___Good Luck

  14. mistyz23

    mistyz23 Active Member

    Thank you so much for this amazing write up! I read it once over a couple of days when I first got my HCHII 2 months ago. I was a little confused simply because it was all new to me. I was so excited when I got my first 52mpg avg tank! Well, I revisited this article and it CLICKED. :woot: I concentrated hard on my gauges and didn't care if even truckers were passing me up while going 55-60. The result-- 74 mpg avg over 70 miles!!! Holy cow, what a change. The segment in question has a huge valley and hills with an intimidating incline on the 580 freeway just before the 205 junction (SF Bay area, California, nearing Tracy). I managed to get a 4 mile glide going downhill! The return segment I managed 50mpg, but my previous trips avg'd about 41-43 on this hill. Still a massive improvement.

    I'm really looking forward to re reading this article again and again until it is second nature. Thanks for taking so much time, Tarabell!
  15. ngzcaz

    ngzcaz Member

    Well done article... if you have the bucks to have that type vehicle. How about the rest of us that are relagated to the real world driving 8 to 15 year old vehicles ? Is there a forum that specifically deals with older vehicles ??

  16. tarabell

    tarabell Well-Known Member

    Hi NGZ and welcome to the site. I counted 14 pre-1990 non-hybrid vehicles in our mileage database and there are many more nonhybrid cars there at least 10 years old there, so somebody is hypermiling them. Try also doing a search of posts using your vehicle model as keyword to find some tips. Or post your question in the appropriate automobile forum here:

    Hypermiling feels most effective and productive when you have instrumentation/feedback gauges, otherwise it can be frustrating driving 'blind'. That's why for non-hybrids we recommend you get a scan gauge. It's an investment and not always suited to certain older vehicles but if interested check out the scangauge forum for more posts and details. Its certainly cheaper than shelling out for a new car.

    This is also a helpful article:
  17. Asystole

    Asystole Member

    Great article, have read it more then a few times and passed it on to other that are giving some thought to purchasing the HCH II. At least one so far will be purchasing on at the end of this month, plus the city I work for gives us $2000 for doing so. It is a win-win situation.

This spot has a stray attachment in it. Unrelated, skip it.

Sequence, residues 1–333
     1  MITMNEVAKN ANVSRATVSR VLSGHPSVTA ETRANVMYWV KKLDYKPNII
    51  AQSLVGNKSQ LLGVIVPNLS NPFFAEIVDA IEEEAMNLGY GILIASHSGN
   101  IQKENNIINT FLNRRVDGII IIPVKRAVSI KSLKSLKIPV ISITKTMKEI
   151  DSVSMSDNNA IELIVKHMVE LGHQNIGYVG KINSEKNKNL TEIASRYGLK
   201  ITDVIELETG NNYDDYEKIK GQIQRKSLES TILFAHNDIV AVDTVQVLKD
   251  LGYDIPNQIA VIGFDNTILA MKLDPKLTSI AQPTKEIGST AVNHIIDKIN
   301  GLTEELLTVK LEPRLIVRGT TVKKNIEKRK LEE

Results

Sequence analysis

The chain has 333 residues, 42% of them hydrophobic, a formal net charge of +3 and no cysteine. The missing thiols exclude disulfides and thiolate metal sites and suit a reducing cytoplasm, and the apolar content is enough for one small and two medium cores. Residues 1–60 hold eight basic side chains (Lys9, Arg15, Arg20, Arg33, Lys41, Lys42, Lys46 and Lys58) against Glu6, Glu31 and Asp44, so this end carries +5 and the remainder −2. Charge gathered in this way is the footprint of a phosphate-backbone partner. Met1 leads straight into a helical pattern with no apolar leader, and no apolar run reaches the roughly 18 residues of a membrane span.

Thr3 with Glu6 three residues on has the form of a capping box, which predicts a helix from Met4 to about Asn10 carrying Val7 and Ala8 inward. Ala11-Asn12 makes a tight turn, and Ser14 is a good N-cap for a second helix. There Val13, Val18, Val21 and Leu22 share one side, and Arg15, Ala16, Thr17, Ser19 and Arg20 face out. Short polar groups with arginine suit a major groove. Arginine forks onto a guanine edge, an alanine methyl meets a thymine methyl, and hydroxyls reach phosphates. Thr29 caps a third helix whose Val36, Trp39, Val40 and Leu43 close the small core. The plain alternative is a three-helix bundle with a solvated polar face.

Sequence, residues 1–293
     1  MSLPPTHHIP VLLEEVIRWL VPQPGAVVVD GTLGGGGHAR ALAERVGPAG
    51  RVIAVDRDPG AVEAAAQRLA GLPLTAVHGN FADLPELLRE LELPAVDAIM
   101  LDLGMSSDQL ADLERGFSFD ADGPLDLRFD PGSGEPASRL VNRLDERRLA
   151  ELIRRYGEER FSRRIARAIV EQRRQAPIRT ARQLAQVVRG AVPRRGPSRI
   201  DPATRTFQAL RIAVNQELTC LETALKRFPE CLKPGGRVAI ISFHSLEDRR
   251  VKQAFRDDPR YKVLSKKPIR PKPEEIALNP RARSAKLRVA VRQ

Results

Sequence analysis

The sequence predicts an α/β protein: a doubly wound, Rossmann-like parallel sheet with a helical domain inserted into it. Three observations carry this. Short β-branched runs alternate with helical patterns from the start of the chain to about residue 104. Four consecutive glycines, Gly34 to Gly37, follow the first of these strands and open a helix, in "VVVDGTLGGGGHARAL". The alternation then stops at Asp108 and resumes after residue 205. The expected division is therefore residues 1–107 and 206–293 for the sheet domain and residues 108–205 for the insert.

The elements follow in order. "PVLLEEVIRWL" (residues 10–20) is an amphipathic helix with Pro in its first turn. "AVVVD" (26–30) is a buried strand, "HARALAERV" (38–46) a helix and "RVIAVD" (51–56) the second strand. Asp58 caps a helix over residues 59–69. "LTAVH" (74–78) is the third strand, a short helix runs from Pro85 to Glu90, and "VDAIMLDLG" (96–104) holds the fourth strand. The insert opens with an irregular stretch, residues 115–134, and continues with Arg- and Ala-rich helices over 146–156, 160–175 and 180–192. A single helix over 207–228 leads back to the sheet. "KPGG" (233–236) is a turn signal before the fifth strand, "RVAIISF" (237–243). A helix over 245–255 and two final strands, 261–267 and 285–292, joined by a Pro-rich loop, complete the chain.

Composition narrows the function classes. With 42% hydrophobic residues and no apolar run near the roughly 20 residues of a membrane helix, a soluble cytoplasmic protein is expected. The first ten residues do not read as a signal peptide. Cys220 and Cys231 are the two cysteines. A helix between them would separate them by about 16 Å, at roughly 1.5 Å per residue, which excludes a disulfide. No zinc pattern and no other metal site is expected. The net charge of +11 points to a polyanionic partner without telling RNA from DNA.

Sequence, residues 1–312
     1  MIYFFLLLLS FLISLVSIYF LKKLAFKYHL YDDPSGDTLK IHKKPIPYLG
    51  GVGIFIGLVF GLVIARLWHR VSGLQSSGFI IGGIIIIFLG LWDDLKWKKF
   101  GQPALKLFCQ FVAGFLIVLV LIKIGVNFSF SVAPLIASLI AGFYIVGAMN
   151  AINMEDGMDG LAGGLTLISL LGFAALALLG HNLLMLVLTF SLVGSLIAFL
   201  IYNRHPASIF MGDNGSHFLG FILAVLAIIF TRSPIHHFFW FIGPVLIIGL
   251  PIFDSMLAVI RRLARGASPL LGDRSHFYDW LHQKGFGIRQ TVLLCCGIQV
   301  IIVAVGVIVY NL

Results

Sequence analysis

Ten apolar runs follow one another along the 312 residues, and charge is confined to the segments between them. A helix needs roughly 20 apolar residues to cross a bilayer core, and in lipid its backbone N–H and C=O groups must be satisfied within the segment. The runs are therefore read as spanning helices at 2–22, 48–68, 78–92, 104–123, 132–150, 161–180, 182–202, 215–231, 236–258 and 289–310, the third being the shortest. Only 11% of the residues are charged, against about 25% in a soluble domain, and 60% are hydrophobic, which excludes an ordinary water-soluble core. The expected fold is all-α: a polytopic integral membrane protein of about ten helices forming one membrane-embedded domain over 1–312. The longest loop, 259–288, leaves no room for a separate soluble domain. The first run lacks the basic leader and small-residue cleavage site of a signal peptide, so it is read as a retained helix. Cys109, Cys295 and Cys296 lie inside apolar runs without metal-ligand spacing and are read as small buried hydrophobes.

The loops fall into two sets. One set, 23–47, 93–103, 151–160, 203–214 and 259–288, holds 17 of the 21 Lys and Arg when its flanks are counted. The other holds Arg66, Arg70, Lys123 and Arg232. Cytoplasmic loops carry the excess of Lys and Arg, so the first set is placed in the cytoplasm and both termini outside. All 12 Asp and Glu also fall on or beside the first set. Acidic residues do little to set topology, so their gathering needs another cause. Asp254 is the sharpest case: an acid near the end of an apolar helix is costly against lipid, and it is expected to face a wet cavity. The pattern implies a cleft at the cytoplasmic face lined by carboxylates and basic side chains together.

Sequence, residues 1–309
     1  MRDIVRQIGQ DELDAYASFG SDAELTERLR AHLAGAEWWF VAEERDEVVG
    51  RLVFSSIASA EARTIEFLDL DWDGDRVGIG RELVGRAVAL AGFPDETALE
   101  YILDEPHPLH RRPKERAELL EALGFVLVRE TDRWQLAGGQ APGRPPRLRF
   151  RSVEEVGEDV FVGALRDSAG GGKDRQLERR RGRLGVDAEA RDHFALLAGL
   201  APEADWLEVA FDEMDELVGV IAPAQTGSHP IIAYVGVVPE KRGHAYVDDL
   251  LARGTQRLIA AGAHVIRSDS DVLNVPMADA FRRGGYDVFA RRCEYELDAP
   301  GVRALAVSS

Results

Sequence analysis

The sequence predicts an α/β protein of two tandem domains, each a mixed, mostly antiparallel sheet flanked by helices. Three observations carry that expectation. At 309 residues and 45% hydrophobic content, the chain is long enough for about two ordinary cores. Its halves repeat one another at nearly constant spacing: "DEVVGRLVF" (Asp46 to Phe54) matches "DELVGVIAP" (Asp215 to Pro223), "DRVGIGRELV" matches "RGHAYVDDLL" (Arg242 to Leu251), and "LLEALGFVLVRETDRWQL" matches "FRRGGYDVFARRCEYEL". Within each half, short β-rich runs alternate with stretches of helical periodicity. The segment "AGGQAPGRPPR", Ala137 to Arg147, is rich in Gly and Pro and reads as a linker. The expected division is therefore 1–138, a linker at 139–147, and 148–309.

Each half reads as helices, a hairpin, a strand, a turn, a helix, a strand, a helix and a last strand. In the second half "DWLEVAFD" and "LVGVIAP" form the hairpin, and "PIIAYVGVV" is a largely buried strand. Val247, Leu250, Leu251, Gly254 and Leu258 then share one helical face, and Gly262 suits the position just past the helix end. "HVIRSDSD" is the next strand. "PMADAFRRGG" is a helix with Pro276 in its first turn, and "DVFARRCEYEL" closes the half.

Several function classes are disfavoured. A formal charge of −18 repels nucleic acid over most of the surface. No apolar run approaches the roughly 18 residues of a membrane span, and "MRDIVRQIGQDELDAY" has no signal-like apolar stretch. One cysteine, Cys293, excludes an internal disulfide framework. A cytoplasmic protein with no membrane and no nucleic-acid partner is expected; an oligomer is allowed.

18. 2008 Civic Hybrid

    2008 Civic Hybrid Serious Hypermiler

    Wow! Fantastic article. I wish the HONDA sales know their product half as well. Well done and a BIG thank you.

    I have just got delivery of my new 2008 Hybrid. Will apply what you mentioned in the article back in June 2006. I am sure it will work.

    I have a question. I read about the wear and tear on the engagement and disengagement of the auto transmission when we use PULSE & GLIDE. Will this apply to the CVT as well? Has anyone out there having transmission issue? Or is the Civic Hybrid build with CVT to handle the PULSE & GLIDE mode more effectively than the normal transmissions? I know CVT uses steel belt that does not shift gears as in manual or other auto vehicles.
  19. koreberg

    koreberg Junior Member

    All my cars are over 10 years old. I consistently get 5-7mpg better than my wife when driving our minivan, luckily it has a builtin fe gauge. I'm still working on my first tank in my del sol. I have found that a vacuum gauge helps some, once you learn how to read it. There is also older posts about a supermid, but its installation looks a lot more daunting to me than simply plugging in a scan gauge.
  20. st_judas

    st_judas New Member

    I wanted to drop by and say thanks, Tarabell! This article helped finally put me over the top to buy an '08 HCH. Well written, and very informative. Thank you.


Share This Page